• Bugfix when the same item was added and removed within the same transaction
  • Aggregations bugfix
  • The support of PyGreSQL is discontinued. Using psycopg2 instead
  • Added pony.__version__ attribute
  • Stability and performance improvements

Now you can create private ER diagrams with PonyORM Diagram Editor

We are excited to announce the launch of our new PonyORM Diagram Editor website. It is located at the same address: https://editor.ponyorm.com

The main new features include:

  • The ability to create private ER diagrams. Such diagrams can be viewed only by the owner of the diagram and users which were invited by the diagram owner.
  • Revision history. This feature allows the user to track changes and restore a diagram to a previous version.
  • Now you can share your diagram with other people sending invitations from the website.

You can see the available plans here: https://editor.ponyorm.com/plans

Pony ORM Release 0.4.9

In this release we added new functionality which was requested by Pony users. The main features include the possibility to delete tables in the database and recreate tables with all necessary foreign key constraints and indexes. Let’s see how it works in detail.

Drop tables

There are 4 methods for removing tables in the database, which you can use now:

db.drop_all_tables(with_all_data=False)
Where db is an instance of the Database class.

This method drops all tables, which are related to the current mapping. When this method is called without parameters, Pony will remove tables only if none of them contain any data. In case at least one of them is not empty the method will raise the TableIsNotEmpty exception without dropping any table. In order to drop tables with the data you should pass the parameter with_all_data=True: drop_all_tables(with_all_data=True).

If you specify with_all_data=True, then Pony will remove all tables which are mapped to declared entities even if they have data. This parameter has the same meaning for all methods below.

db.drop_table(table_name, if_exists=False, with_all_data=False)
Where db is an instance of the Database class.

This method drops a table. If such table doesn’t exist the method raises the exception TableDoesNotExist. Note, that table_name is case sensitive. If the parameter if_exists is set to True, then it will not raise the TableDoesNotExist exception if there is no such table in the database.

MyEntity.drop_table(with_all_data=False)
Where MyEntity is a declared entity class.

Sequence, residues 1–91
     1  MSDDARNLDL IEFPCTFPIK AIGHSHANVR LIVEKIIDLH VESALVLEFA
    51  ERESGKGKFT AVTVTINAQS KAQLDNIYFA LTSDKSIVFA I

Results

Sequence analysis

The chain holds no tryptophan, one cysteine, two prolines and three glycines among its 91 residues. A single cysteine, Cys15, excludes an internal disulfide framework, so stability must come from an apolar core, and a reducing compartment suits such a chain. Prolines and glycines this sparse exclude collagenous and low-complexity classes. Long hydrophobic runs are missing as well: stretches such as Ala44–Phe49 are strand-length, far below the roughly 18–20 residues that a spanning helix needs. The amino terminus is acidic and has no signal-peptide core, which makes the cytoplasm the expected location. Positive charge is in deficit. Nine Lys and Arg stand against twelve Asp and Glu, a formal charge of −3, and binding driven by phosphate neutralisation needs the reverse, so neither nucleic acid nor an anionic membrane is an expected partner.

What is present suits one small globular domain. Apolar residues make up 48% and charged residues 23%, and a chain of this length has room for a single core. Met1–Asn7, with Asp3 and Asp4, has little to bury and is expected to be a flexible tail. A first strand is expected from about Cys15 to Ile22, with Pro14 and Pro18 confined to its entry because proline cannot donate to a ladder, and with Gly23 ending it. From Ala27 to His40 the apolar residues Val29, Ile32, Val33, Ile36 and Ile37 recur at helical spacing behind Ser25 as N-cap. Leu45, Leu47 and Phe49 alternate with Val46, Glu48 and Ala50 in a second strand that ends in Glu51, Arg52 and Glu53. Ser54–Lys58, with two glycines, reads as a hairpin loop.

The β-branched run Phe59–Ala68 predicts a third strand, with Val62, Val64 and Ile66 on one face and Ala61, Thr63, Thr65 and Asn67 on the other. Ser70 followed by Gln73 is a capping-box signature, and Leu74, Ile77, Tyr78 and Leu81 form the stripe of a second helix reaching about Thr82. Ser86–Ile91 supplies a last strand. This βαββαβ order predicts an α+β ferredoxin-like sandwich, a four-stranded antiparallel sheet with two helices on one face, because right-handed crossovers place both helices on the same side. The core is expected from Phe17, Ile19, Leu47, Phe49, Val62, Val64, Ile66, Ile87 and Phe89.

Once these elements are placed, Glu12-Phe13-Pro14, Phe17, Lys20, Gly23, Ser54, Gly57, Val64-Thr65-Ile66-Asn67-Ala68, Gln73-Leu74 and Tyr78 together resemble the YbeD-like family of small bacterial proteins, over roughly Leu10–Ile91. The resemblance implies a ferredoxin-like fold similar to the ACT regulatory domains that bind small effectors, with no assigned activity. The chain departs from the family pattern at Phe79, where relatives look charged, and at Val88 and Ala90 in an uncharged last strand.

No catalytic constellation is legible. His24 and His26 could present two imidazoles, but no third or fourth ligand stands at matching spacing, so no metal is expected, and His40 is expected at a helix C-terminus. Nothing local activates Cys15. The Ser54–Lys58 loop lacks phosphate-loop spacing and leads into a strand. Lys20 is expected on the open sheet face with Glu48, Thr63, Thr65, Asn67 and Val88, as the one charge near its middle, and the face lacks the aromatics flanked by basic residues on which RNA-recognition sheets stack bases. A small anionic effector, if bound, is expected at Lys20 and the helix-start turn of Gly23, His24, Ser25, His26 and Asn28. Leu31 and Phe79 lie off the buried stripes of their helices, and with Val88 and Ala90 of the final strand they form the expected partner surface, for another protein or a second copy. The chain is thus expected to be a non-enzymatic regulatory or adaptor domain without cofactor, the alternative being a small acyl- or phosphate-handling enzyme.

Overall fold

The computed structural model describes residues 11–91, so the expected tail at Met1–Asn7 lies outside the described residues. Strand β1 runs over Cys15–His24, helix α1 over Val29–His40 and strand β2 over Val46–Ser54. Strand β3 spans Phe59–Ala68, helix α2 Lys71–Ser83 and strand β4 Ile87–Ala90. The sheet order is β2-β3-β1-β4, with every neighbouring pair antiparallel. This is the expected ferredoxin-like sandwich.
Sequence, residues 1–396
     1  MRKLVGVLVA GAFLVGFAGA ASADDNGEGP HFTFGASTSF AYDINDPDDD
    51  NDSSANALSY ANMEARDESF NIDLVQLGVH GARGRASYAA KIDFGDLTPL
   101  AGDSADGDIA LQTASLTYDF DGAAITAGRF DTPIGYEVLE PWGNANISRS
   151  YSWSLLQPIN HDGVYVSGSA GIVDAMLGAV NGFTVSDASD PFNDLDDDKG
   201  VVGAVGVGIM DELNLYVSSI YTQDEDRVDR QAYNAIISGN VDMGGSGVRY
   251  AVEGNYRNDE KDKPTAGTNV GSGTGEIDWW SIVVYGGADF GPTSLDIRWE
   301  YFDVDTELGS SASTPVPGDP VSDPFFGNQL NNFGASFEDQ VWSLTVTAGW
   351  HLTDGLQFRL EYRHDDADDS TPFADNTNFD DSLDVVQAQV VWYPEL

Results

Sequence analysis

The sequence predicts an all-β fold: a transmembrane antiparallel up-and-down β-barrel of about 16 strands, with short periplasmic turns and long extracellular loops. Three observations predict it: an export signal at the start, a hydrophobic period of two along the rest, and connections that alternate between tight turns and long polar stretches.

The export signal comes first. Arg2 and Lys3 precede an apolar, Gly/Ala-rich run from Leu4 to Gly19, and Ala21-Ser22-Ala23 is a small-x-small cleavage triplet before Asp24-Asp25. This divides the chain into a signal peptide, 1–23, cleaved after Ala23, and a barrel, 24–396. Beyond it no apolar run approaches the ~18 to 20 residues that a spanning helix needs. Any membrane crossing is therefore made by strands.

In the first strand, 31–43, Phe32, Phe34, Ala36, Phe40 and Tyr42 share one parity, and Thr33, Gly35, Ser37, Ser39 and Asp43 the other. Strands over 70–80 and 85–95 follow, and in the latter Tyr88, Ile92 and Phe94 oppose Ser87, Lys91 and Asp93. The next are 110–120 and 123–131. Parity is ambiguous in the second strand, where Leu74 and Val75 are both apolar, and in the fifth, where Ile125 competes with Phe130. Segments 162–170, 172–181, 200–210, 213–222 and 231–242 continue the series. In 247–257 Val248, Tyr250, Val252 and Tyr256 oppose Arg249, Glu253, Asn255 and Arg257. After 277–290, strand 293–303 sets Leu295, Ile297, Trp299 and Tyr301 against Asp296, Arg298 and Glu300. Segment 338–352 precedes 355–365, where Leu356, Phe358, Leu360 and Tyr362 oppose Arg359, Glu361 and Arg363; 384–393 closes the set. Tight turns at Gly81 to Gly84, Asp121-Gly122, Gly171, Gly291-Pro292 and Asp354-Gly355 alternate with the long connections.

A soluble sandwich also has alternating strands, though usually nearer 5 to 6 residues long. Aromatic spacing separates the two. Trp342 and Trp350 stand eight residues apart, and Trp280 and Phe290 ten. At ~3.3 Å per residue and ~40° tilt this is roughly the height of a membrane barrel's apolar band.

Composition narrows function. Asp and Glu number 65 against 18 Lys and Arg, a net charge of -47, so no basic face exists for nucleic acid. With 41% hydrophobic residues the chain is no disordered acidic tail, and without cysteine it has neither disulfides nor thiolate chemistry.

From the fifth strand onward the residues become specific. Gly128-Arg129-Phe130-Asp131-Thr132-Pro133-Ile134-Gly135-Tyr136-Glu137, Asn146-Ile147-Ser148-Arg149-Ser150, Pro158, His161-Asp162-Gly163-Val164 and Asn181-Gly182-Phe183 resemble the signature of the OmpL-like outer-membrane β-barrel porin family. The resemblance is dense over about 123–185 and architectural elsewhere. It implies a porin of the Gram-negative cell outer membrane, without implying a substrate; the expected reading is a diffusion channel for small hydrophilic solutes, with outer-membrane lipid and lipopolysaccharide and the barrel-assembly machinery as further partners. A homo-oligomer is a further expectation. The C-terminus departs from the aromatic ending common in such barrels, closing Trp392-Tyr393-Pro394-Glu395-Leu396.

This method removes a table which is mapped to the entity.

MyEntity.my_collection.drop_table(with_all_data=False)
Where MyEntity is a declared entity class and my_collection is a Set attribute:

    class MyEntity(db.Entity):
        ...
        my_collection = Set(…)
        ...

This method drops a table, which is associated with the Set attribute. The primary role of this method is to drop an intermediate table, which is used for establishing many-to-many relationship between two Set attributes. But if you call this method for many-to-one relationship, it will try to remove the table used for the entity at the other side of the many-to-one relationship.

Create tables

Pony now has a separate method for creating tables and corresponding foreign keys and indexes:

db.create_tables()
Where db is an instance of the Database class.
This method checks the existing mapping and creates tables for entities if they don’t exist. Also, Pony will check if foreign keys and indexes exist and create them if they are missing.

In previous releases the method generate_mapping() always checked if the tables in the database match with the entities. Now you can switch this check off. This can be useful if you want just generate mapping and create tables later.
This gives you the following options for mapping generation:

- db.generate_mapping(create_tables=True) – create tables, foreign key references and indexes if they don’t exist
- db.generate_mapping() – assuming that tables are already exist, check if the existing tables match with the enitites
- db.generate_mapping(check_tables=False) – neither create nor check tables, useful if you plan to call db.create_tables() later.

Other new features

Starting with the release 0.4.9, Pony automatically enables foreign key support in SQLite. By default SQLite doesn’t check foreign key constraints, and in previous Pony releases foreign key constraints in SQLite were not enforced.

db.disconnect()
Where db is an instance of the Database class.
Close the database connection for the current thread if it was opened.

Comparison methods for the Entity class were added. Now entity instances can be sorted by its primary key values.

Entity.exists(…) method was added. You can check the entity attributes for equality:

User.exists(username="Jon")

or use a lambda condition:

Order.exists(lambda o: o.total_price > 500 and count(o.items) <=3)

Reported bugs were fixed, new tests were added.

Thanks to all Pony users for sending us their feedback and telling us how they are using Pony. We appreciate it!
As always we are looking forward to your comments and suggestions at our mailing list ponyorm-list.ponyorm.com